Superman: Red Son

By Mark Millar

Rating: 4 stars

I rather enjoyed this “what if” story, asking the question of what would happen if the infant Superman had crashed in the Soviet Union rather than the US. It starts in the 1950s when Superman has come into his powers and is working for the Soviet authorities, under Stalin, and charts his rise and eventual fall, alongside Lex Luthor. Other superheroes also turn up, both Wonder Woman and Batman, both reimagined in some sort of Russian context (I don’t care what anyone says, Batman’s furry hat is adorable, and very practical) as well as Hal Jordan and Oliver Queen.

I like how Miller has played on the tension between the sort of world that Superman is born into and his fundamental good nature, a nature that just wants to help people. The idea of what help means is drawn out, as Superman comes to believe that in order to help people, he has to take the very Soviet view of creating order, sort of the antithesis of American individualism.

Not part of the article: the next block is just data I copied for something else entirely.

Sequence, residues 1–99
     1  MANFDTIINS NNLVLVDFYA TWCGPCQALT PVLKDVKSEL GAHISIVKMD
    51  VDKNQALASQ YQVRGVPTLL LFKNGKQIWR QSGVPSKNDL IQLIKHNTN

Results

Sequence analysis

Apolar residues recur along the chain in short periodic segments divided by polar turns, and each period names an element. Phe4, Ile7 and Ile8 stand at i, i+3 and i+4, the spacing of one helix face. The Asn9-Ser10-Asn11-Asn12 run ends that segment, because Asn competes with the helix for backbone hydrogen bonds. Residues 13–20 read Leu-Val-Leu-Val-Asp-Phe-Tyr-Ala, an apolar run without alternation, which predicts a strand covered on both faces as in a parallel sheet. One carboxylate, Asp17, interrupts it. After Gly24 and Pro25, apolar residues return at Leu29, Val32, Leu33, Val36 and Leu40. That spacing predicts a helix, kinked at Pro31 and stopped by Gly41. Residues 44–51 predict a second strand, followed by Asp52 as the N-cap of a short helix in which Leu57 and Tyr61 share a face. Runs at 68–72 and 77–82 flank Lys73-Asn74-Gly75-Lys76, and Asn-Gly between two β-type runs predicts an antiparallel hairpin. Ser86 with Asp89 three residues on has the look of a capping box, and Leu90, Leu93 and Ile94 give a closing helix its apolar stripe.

The battle of wits that goes on between Superman in Russian and Luther in America is well played too, lasting decades, as Luther goes from a well-balanced scientist into full scheming megalomaniac mode, in his attempts to bring down Superman.

So all in, a nice alt-hist with a very neat twist at the end of the story.

Book details

ISBN: 9781840238013
Publisher: Titan Books (UK)
Year of publication: 2003

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